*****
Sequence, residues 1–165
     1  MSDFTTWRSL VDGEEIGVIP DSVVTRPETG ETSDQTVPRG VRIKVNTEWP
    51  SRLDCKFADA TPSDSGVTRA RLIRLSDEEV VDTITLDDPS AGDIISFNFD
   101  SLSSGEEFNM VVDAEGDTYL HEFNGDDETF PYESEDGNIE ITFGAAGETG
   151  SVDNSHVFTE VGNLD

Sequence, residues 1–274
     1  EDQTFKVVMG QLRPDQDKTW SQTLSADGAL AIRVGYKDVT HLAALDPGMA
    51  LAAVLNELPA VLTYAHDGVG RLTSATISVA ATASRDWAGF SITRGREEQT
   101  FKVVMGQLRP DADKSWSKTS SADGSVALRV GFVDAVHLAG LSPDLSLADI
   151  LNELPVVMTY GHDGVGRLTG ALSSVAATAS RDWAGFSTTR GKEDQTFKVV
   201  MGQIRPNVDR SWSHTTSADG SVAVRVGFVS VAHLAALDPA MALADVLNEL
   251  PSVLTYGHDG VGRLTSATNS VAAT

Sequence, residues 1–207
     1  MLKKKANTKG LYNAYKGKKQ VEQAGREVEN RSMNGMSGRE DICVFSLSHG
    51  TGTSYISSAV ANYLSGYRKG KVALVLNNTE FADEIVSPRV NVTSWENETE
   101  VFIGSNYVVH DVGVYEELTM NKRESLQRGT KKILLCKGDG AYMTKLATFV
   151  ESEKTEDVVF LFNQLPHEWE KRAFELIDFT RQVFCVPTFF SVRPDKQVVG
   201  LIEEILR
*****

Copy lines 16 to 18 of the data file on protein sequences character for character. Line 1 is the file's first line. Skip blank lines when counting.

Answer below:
   101  VFIGSNYVVH DVGVYEELTM NKRESLQRGT KKILLCKGDG AYMTKLATFV
   151  ESEKTEDVVF LFNQLPHEWE KRAFELIDFT RQVFCVPTFF SVRPDKQVVG
   201  LIEEILR